OPINION: Cross-Industry Blockchain and Bitcoin Challengesbr>
Jim O’Hare is a partner in the Boston office of Nelson Mullins and represents technology-based companies, their boards of directors, and investors in the areas of mergers & acquisitions, strategic technology implementations, dispute resolution, and public and private financings. O’Hare has served clients as a lawyer, a public company general counsel and senior executive, and an investment banker.
What do cross-border remittances, the pharmaceutical supply chain, land titles, electronic health records and digital content have in common? Each are among the hundreds of applications that are poised to capitalize on the massive efficiencies available using blockchain platforms. Initially viewed as exclusively linked to the Bitcoin cryptocurrency, over the last 24 months the blockchain hype cycle has been in full gear for everything from the clearing of public stock transactions to the verifying vintage year and winery location for fine wines.
Despite the variety of potential applications, there are some common cross-industry challenges.
Public or Permissioned Blockchains? Blockchain and their associated distributed ledgers can operate on the basis of a public or private network. Private (or permissioned) networks allow
participants in the network to restrict those who can both enter into transactions and participate in the consensus mechanism of blockchain transactions. This “private” approach to controlling participation is similar to the adoption progression for TCP/IP networks that progressed from e-mail to more robust applications running on World Wide Web in the 1990s. Private and Public Cloud adoptions followed a similar pattern. The challenge of uncontrolled participation in blockchain networks may be a bridge too far for first time entrants. The infrastructure is transformational, but baby steps are likely to be needed before a flat out sprint.
Regulated Industries. A number of consumer goods companies transact commerce using bitcoin – Overstock.com and Dell Technologies – to name a couple of well-known names. In buy-sell transactions, the standard rules related to currency transactions and consumer rights are applicable. When blockchain applications are used in regulated industries – financial services, healthcare, content creation and ownership – the legal overlay cannot be ignored. Your novel application of blockchain ledgers and transaction veracity may be world-changing, but if you ignore the existing regulatory imperatives, your sea-change transformation may be short-lived.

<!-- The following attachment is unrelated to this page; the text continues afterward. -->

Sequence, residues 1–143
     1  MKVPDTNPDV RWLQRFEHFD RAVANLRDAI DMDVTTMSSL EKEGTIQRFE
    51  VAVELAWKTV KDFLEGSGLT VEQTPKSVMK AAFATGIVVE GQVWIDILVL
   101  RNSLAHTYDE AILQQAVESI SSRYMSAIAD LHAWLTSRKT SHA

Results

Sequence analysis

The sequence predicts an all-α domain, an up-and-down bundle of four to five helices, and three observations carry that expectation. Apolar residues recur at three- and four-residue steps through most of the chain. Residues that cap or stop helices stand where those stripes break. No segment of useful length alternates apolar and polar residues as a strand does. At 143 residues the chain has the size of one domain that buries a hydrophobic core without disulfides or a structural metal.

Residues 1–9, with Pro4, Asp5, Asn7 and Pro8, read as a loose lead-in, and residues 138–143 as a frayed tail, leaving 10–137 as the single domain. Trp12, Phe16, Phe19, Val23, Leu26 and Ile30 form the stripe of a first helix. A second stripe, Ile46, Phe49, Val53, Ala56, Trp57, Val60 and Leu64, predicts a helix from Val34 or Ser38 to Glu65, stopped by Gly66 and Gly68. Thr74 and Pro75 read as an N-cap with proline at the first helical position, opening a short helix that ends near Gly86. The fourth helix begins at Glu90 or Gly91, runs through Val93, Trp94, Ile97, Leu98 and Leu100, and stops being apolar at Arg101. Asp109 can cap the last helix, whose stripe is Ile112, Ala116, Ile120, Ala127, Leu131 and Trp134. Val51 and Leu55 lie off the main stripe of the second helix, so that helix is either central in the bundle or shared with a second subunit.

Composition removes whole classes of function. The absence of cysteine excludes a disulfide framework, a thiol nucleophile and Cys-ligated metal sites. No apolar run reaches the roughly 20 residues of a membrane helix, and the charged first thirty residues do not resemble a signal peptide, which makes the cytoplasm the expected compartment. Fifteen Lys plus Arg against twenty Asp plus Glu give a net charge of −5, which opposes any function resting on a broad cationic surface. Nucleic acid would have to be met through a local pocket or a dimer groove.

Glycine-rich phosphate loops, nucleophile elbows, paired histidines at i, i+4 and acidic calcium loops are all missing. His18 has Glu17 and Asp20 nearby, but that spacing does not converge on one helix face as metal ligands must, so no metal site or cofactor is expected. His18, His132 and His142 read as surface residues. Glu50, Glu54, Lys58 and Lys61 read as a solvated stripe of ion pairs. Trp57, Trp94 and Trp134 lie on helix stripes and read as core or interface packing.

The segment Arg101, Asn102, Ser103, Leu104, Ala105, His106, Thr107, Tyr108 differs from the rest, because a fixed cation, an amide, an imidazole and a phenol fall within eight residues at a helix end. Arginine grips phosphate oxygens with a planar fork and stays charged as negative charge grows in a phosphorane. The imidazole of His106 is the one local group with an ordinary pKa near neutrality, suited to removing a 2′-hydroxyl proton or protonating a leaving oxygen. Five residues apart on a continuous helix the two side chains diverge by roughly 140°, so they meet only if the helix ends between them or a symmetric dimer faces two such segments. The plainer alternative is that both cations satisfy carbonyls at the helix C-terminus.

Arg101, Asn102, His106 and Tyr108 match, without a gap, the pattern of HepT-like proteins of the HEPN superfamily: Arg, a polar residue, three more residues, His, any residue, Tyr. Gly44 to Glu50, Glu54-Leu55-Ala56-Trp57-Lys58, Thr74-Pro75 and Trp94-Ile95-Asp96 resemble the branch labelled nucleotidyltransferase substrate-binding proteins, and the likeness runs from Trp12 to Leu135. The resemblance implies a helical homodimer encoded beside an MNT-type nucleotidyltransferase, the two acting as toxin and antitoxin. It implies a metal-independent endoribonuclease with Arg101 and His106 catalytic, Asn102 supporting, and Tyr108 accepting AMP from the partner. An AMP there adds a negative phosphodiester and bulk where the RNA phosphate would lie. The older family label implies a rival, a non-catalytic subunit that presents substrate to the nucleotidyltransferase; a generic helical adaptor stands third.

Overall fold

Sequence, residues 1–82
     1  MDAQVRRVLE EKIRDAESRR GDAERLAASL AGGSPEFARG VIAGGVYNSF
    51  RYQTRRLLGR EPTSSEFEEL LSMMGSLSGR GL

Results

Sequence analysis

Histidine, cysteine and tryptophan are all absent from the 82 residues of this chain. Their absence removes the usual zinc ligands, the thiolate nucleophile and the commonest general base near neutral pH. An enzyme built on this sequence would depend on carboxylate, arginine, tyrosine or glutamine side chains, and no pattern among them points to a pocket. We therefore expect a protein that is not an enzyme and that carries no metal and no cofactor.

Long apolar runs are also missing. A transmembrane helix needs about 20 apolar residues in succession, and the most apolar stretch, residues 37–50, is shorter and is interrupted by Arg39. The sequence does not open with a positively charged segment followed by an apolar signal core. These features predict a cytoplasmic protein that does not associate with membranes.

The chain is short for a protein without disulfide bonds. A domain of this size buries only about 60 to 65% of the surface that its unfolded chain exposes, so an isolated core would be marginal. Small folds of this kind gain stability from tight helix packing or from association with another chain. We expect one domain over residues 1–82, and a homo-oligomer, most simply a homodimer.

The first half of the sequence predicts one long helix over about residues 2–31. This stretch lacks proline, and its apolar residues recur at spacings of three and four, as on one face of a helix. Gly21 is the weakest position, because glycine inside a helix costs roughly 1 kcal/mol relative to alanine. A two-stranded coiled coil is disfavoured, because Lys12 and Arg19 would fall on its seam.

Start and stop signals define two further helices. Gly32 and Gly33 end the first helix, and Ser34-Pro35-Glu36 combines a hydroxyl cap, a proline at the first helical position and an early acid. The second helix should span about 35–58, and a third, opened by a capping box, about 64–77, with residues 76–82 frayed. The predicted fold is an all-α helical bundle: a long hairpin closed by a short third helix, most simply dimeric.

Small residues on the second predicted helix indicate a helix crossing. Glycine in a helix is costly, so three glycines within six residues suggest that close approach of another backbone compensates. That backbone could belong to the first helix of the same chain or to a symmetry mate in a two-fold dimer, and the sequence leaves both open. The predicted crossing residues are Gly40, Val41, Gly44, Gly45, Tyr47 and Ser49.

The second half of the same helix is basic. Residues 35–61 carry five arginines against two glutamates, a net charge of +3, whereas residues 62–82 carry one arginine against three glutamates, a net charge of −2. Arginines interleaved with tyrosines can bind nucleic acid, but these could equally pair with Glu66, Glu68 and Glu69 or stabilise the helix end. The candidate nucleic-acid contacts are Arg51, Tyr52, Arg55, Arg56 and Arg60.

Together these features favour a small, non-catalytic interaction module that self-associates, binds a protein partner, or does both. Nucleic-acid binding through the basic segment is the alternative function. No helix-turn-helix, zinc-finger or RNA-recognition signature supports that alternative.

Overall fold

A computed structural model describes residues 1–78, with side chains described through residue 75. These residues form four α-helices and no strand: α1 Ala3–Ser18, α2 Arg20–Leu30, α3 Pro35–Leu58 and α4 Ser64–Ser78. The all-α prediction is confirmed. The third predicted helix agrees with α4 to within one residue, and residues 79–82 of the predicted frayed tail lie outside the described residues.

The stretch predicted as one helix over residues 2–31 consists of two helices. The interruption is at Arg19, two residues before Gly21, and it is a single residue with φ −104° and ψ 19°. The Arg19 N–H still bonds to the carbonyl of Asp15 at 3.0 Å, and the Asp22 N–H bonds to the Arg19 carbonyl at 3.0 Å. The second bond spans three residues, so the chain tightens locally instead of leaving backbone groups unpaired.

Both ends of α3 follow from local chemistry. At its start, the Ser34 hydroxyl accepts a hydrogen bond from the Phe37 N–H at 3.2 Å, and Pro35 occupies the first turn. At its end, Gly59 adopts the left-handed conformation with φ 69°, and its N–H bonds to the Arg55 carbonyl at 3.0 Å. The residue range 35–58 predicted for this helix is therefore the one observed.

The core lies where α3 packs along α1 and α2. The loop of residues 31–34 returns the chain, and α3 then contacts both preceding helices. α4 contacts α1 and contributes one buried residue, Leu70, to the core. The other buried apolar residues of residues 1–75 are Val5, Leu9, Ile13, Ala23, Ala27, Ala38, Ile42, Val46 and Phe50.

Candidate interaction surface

Not Just Cybersecurity. Blockchains are perceived as more secure that traditional databases and better platforms for transactions susceptible to manipulation and fraud. Despite that perception, traditional notions of information security and privacy continue to apply. As computer hardware vendors have pointed out, the promise of reliability, scalability, security and privacy will need the support of continuing hardware advancements that deliver large scale performance.
Although not cybersecurity, the “promise” of Smart Contracts took a major hit in June 2016 when The DAO – a Smart Contract governed on-line “investment club” structured exclusively on the basis of Smart Contracts was compromised. The operation and governance of The DAO enterprise was based exclusively on the computer code – “Nothing in this explanation of terms or in any other document or communication may modify or add any additional obligations or guarantees beyond those set forth in The DAO’s code.” No middlemen needed and no counter-party risk possible due to the immutable nature of the cryptographically secure blockchain ledger.
Over $150 million in value was committed to The DAO during the funding process. While the funding window was still open, questions arose regarding vulnerabilities involving the platform.
The specifics of the “hack” and fork “fix” are widely available on the Internet, but the critical issue for The DAO participants and the self-proclaimed “Attacker” is whether the computer code really is the last word when it comes to sorting this out. The Attacker’s position was that manipulation of The DAO code was a code “feature” available to The DAO participants. Any legal concepts related to intent of the participants in entering into the enterprise, deception by the Attacker or theft do not apply. Access to the code (in this case dropping crypto currency into a sub-DAO) was permitted and any application of the code is legitimate.
The more complex the transaction, the greater the likelihood that a gap will exist in the application of the business rules creating an “unintended consequence” risk. Modern contract law helps fill in the blanks where contractual terms do not cover a contractual dispute. Whether parties can agree to abide by these unintended consequences and forgo intervention by a court should be an issue to be addressed.
The “blank filling” exercise applied by a court or any involvement by any central authority is antithetical to the administrative efficiency and immutable nature of a blockchain. The application of contract, tort and criminal law principles to the current controversy will by necessity involve the institutions of authority that The DAO was created to avoid. It is doubtful that this type of regulatory intervention will accelerate blockchain adoption.
In the end, some lessons are best learned the hard way (over $50 million worth) and the resulting wakeup call should drive crisper logic and transaction structures more appropriate for initial blockchain implementations.